The United States Department of Labor is a department of America's federal government that regulates working conditions and other employment-related issues in the United States. Its areas of responsibility include working hours, workplace safety, employee pensions, and worker compensation. It also provides various job training programs and gathers economic statistics. Its highest official is the United States Secretary of Labor — a member of the President's Cabinet. The United States Department of Labor is divided into a number of sub-departments with different areas of responsibility.
Four important agencies in the United States department of labor were previously united under the Employment Standards Administration (ESA), but became independent when the ESA was dissolved in 2009. The Wage and Hour Division enforces federal labor laws governing the minimum wage, overtime pay, medical and family leave, child labor, and other laws concerning treatment of employees, and also enforces prevailing wage laws for government contractors. Office of Workers' Compensation Programs controls several compensation programs for workers suffering from work-related disability or illness. The Office of Labor-Management Standards is responsible for regulations concerning transparency in labor unions, such as enforcing laws requiring disclosure of the state of union assets and funds, and setting standards for union elections. Office of Federal Contract Compliance Programs is responsible for ensuring that federal contractors comply with nondiscrimination laws.
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The occupational safety and health administration (OSHA) is the section of the United States Department of Labor responsible for workplace safety. It issues and enforces regulations concerning subjects like workplace chemical exposure, labeling and handling of hazardous materials, procedures to reduce industrial accidents, emergency equipment, protective equipment and clothing for workers, sanitation, and hazards, such as asbestos and blood-borne diseases. Also, it sets regulations governing mandatory safety features for tools and machinery. In addition to OSHA, the mining industry has specialized safety regulations enforced by the Mine Safety and Health Administration.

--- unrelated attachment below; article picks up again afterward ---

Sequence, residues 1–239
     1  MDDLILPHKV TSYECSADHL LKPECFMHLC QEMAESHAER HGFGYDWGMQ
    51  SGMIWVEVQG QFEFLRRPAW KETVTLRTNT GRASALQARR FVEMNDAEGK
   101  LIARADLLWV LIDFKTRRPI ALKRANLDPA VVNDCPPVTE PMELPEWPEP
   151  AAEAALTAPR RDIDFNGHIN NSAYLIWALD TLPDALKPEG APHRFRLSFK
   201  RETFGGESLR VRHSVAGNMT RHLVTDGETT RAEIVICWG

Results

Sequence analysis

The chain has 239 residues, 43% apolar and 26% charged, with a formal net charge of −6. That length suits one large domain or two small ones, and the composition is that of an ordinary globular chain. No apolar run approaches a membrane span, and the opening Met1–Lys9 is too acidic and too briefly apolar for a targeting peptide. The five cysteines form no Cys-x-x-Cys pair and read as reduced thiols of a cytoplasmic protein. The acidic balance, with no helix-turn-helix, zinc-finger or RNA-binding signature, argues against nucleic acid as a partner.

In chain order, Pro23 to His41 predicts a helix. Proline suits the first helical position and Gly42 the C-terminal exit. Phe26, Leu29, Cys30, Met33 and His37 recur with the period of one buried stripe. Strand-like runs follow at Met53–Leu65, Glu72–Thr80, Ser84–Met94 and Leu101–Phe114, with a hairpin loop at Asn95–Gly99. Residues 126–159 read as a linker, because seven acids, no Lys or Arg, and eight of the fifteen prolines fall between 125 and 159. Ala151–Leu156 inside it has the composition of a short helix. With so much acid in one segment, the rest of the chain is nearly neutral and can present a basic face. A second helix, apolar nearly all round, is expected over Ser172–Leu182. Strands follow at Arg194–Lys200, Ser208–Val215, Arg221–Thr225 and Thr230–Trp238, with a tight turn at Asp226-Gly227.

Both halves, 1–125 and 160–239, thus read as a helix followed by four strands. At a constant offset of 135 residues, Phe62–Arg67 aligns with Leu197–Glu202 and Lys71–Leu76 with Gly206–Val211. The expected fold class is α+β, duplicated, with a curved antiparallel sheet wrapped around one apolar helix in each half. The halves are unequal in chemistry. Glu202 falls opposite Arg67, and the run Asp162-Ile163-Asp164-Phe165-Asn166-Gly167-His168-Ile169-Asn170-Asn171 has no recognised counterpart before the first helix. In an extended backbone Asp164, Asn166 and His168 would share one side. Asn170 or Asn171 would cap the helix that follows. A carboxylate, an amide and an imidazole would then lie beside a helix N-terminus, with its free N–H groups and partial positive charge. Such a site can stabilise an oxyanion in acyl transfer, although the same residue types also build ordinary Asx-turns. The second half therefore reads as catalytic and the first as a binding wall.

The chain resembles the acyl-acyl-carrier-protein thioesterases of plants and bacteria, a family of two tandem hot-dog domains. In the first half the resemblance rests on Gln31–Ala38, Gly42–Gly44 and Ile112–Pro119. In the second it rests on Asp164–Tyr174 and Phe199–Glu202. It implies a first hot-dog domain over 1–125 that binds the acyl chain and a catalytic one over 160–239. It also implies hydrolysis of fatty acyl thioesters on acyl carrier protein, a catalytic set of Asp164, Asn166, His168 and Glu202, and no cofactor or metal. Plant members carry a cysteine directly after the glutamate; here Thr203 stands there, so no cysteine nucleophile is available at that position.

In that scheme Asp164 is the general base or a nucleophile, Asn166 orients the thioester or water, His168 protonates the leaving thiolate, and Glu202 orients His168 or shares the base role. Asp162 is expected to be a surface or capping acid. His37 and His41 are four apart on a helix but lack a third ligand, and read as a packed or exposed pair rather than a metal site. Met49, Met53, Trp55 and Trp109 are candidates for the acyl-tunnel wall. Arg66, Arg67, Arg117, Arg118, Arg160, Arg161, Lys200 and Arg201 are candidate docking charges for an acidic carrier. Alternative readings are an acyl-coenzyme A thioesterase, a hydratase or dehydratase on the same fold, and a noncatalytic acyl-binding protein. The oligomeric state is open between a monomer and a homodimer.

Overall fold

Employment and Training Administration is responsible for federal job training programs, programs for dislocated workers, and federal unemployment benefits. It also gives federal grants to support state governments' employee training and unemployment insurance programs. The Veterans' Employment & Training Service provides specialized training and job placement programs for military veterans, and gives grants to government programs and private nonprofit groups that assist veterans in finding employment and adapting to civilian life.
The Bureau of Labor Statistics is responsible for providing the United States Department of Labor and other federal and state agencies with labor statistics and other economic data. It collects statistics on unemployment and job turnover, the number of workers in different occupations, wages and compensation, workplace injuries and deaths, the amount of time used in different activities, labor productivity, and the labor costs of employers. Also, it is responsible for the Consumer Price Index (CPI).